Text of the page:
Pressing right on the rear directional pad opens up the drive mode menu. Here you'll find options for continuous shooting, self-timer, remote controls, and exposure bracketing. Pentax lists continuous shooting performance at a maximum of 6 frames per second (3 fps for the "Lo" setting).

In reality, we clocked continuous shooting at just over 5.2 frames per second, and this rate slows considerably when the buffer fills up after 7 shots or so. This speed is also limited by a few menu settings. Activating extras like digital filters or chromatic aberration correction cause shooting speed to plummet. RAW shooting is limited to 1 frame per second.

Self-timer options are quite basic, only ten-second and two-second countdowns are available. Interval shooting for time-lapse photography is possible, however this functionality is buried in the video tab of the main menu, and is only accessible while using the video shooting mode. Intervals cannot be customized precisely but you're given the option to select between one, five, ten, or thirty seconds; one, five, ten, or thirty minutes, or one hour.

We haven't yet implemented our focus speed test, but, on an observational level, the K-01 has few problems locking focus on subjects within its listed focus distance. The same goes for low light in most cases.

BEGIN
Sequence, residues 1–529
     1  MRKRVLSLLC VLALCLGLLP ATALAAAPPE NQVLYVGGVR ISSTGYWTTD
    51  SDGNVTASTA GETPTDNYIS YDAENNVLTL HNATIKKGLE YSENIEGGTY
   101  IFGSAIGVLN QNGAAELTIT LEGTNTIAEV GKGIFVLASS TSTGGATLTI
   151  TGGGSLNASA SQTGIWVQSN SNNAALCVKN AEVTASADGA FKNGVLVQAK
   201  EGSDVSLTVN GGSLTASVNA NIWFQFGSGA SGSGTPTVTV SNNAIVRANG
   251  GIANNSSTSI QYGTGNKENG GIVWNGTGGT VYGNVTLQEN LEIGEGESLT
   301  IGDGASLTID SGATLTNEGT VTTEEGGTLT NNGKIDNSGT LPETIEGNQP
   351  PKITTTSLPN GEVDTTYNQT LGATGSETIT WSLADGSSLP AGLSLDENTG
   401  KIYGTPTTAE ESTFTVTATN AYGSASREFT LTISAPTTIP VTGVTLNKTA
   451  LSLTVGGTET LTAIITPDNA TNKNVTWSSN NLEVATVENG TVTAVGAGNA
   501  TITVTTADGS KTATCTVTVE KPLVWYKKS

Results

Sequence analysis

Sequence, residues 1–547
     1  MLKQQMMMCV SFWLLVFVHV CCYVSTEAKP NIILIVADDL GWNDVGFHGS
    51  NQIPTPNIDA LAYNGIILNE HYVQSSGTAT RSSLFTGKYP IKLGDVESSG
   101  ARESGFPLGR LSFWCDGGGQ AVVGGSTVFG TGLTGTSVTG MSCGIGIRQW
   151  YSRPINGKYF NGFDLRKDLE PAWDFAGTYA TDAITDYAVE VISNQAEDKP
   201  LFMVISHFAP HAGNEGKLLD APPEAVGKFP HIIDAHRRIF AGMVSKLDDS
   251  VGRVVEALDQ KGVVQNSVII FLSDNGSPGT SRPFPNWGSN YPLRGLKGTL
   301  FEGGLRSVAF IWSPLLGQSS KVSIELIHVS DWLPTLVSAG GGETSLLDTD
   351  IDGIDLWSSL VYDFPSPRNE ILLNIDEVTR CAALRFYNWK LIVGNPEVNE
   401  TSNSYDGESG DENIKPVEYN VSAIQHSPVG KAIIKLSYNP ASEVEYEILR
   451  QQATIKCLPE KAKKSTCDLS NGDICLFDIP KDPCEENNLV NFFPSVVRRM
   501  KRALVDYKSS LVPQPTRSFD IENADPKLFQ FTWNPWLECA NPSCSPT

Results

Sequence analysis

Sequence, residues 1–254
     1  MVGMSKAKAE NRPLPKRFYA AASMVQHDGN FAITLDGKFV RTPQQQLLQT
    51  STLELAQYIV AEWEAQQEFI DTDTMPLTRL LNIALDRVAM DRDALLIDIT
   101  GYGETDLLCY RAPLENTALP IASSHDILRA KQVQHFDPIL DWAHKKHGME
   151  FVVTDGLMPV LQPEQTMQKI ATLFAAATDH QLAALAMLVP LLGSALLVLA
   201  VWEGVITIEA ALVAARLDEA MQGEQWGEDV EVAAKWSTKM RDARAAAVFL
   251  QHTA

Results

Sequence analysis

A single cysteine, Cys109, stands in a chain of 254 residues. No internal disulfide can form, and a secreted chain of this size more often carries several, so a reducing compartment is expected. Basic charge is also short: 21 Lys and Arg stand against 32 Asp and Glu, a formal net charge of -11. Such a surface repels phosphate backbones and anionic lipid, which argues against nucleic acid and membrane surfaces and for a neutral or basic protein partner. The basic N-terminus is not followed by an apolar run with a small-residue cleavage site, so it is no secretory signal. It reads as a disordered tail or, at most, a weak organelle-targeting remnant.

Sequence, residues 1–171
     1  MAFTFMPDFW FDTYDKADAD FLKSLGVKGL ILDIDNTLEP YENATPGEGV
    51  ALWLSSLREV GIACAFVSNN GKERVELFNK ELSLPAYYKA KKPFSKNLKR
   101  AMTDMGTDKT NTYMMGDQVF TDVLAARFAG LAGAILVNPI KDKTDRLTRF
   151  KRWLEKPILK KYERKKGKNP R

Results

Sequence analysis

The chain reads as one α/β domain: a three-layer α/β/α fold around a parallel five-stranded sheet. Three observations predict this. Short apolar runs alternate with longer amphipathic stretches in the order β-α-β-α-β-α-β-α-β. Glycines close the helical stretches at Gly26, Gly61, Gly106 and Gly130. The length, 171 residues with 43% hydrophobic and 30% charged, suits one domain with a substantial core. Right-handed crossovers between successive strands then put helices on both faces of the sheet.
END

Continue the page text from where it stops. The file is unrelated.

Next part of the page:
Plenty of autofocus methods are available, like face detection, tracking, custom zone, and center; but the real fun is manual focus. The 40mm kit lens features an all-mechanical focus ring. This isn't electronic focus by wire, the glass is instantly responsive and very fun to use. Swapping between manual and automatic focus is simply a matter of toggling a small switch with the left hand.

The K-01 is feature-rich, with plenty of extra shooting modes, effects, filters, and techniques. Video shooting is a bit light on controls, but sufficient for medium-duty recording.

19 different scene modes are available from the appropriate stop on the mode dial, and these will automatically adjust shooting parameters for subjects like Moving Object, Sunset, Blue Sky, Forest, etc. We never use scene modes, but we can't complain about the large selection.

Digital filters are separate, and may be selected from the main menu. Actually, they're given a position of prominence right at the top of the first page. Since filters and scene modes are independent, this mean it's possible to combine them. Want to use Pet mode with color extract? Go ahead.

Videos may be recorded in 1080p, 720p, or 480p. Frame rate is also customizable, with settings for 30, 25, or 24 frames per second. Compression quality is user-configurable to your choice of one, two, or three "stars." Find out how the performed in our video image quality test./r:link_to_content